Does Dell Buyout put Storage and Data Protection Business Up for Grabs?

Posted: February 5, 2013 by Agnes Lamont in Interesting Data, News, Opinion
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We’ve all been duly awed by the Dell buyout announcement. Over the years, the company has amassed quite a portfolio of storage and data protection and management offerings, having acquired companies such as EqualLogic, Compellent, Quest, AppAssure and SonicWall. Although many of these acquisitions brought robust technology and contributed handily to Dell’s revenue, the company never made the transition to becoming a storage company. This begs the question as to what will now happen to these lines as Dell sharpens its focus and remakes itself into a seller of products rather than an architect of share valuations. Only the most naïve amongst us harbors any ideas that the latest chapter in Dell’s story might lead to storage innovation and a bid for leadership in the space.

Only 3% of Dell’s revenue is from storage, with software and peripherals yielding 16%, of which data protection software is a part. The overall business distribution is more even with 30% of net revenue coming from large enterprise, 20% from consumer and 25% each from SMB and public sector organizations.

Anecdotally, Dell does not exercise the kind of account control as players such as EMC, IBM, Oracle, or Cisco.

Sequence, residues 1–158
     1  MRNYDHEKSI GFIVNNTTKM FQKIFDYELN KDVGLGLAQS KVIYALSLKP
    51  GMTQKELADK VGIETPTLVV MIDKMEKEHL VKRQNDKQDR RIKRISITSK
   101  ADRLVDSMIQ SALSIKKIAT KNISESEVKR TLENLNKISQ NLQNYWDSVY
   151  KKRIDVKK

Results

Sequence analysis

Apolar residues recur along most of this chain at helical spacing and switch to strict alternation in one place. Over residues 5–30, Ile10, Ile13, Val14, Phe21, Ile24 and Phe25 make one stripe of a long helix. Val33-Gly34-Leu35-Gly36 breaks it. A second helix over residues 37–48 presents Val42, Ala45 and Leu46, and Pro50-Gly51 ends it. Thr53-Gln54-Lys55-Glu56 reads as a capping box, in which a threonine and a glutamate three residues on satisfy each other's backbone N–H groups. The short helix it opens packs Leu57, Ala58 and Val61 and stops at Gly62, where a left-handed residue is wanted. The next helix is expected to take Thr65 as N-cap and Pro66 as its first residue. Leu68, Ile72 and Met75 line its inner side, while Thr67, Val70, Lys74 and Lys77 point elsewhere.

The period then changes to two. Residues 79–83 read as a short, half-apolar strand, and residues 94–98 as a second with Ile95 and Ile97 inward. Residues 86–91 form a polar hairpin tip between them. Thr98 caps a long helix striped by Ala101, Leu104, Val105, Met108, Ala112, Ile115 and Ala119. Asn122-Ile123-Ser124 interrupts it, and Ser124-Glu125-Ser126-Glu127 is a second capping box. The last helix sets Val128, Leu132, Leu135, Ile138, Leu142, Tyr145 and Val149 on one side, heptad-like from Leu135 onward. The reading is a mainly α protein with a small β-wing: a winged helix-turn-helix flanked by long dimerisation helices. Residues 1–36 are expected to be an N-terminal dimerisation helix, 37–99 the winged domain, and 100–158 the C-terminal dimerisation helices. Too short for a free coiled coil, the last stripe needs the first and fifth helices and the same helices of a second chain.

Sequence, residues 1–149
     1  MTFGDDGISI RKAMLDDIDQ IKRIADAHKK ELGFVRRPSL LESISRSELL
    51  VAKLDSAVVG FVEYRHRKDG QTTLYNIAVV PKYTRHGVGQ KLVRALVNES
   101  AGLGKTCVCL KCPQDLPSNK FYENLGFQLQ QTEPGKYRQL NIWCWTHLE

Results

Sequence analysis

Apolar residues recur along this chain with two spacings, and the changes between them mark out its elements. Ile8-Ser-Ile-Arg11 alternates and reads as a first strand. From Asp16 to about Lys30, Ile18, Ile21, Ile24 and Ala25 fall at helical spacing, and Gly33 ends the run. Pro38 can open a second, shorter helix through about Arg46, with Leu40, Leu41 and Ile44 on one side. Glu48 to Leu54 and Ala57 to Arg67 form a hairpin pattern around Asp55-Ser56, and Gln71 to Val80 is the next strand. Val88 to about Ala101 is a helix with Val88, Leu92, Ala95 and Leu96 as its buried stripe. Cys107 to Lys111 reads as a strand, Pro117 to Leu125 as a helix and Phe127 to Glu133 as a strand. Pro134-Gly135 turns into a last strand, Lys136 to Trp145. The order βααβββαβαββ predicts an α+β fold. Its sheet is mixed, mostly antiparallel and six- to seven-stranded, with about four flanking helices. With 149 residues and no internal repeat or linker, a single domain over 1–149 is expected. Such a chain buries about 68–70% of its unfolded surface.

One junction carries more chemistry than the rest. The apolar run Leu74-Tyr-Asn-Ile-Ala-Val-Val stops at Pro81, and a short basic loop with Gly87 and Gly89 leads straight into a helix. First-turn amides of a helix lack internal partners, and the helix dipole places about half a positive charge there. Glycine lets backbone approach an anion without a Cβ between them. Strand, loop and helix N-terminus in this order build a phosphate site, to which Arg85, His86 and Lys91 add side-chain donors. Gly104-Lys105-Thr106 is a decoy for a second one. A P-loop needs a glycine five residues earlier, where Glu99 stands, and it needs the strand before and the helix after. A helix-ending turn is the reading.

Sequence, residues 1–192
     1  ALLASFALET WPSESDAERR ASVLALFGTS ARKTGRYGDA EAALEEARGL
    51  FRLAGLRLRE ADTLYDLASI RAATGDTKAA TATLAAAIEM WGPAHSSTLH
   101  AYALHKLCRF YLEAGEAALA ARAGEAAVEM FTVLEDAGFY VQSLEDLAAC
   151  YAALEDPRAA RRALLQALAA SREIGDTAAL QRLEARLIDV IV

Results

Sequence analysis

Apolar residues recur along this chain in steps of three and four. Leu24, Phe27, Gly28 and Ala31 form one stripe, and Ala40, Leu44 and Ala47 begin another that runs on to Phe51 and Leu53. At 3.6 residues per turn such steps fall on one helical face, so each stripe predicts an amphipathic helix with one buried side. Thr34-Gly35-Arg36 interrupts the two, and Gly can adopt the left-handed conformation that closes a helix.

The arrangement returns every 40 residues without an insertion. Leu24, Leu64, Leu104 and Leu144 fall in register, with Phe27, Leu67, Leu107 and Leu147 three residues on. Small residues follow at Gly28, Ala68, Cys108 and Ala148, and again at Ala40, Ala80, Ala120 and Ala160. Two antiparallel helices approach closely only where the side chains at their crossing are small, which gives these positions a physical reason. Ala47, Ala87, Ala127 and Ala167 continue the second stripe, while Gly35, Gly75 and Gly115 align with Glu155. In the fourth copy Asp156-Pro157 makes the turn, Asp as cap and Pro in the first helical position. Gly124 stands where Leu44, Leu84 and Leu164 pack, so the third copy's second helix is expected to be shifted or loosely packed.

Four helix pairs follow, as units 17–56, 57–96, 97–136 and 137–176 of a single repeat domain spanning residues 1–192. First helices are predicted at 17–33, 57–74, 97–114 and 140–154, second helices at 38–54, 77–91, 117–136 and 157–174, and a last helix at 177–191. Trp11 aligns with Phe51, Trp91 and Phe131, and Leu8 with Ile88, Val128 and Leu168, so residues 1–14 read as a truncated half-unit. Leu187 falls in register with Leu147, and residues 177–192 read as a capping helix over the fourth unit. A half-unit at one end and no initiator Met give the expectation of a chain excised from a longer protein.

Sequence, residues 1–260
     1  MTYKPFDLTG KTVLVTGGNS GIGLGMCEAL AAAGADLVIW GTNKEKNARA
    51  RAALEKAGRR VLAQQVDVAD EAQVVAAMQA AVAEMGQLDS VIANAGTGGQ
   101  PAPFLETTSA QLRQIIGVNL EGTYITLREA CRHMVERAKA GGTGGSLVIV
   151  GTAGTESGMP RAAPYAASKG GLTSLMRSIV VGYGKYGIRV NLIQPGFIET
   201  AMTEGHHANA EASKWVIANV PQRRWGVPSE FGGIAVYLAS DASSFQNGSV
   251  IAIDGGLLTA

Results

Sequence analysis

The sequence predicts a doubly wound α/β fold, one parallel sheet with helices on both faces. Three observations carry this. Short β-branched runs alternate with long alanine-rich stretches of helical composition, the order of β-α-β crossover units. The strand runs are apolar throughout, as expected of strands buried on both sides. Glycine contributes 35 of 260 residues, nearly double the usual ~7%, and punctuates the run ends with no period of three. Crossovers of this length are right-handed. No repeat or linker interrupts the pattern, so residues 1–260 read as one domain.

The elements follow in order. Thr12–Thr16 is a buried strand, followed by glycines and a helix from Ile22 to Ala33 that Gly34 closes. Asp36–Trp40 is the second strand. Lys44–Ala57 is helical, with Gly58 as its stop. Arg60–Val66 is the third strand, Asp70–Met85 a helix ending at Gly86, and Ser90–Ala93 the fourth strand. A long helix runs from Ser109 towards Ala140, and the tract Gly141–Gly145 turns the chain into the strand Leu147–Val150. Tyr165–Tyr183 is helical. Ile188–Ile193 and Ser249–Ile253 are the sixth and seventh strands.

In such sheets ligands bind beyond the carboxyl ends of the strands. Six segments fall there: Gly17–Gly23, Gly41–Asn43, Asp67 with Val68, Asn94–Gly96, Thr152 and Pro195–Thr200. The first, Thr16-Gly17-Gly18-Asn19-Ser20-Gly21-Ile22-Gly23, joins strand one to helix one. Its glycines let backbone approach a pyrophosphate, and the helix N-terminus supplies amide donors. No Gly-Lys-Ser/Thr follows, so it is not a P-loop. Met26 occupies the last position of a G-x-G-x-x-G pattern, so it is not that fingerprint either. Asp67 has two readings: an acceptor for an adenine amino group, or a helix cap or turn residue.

HP has not been shy in making generalized predatory rumblings about picking over Dell’s portfolio, and I suspect Dell is a subject of strategic debate in many more functional boardrooms too. Wouldn’t you love to be a fly on the wall over at EMC and NetApp? These storage giants, along with the myriad of smaller storage and data protection vendors, are no doubt strategizing furiously about how to woo customers and key talent away.

On the face of things, storage and data protection represent relatively small, albeit growing, potatoes to Dell. But in the highly competitive mid-tier storage market, these potatoes undoubtedly look mighty appetizing. Dell will need to make big moves quickly if it’s going to keep control of its pricey ($24.5 billion) lunch. In any case, the storage market is sure to heat up over the coming months.

About the Author

Agnes Lamont is an accomplished marketer of IT products and a partner at Marketingsage, a PR and lead generation firm that specializes in marketing data storage, data management, security, and enterprise software products. She can be reached by email at blog [at] marketingsage.net. Fellow marketers and IT professionals are invited to join her network on LinkedIn and to subscribe to this blog (see sidebar).

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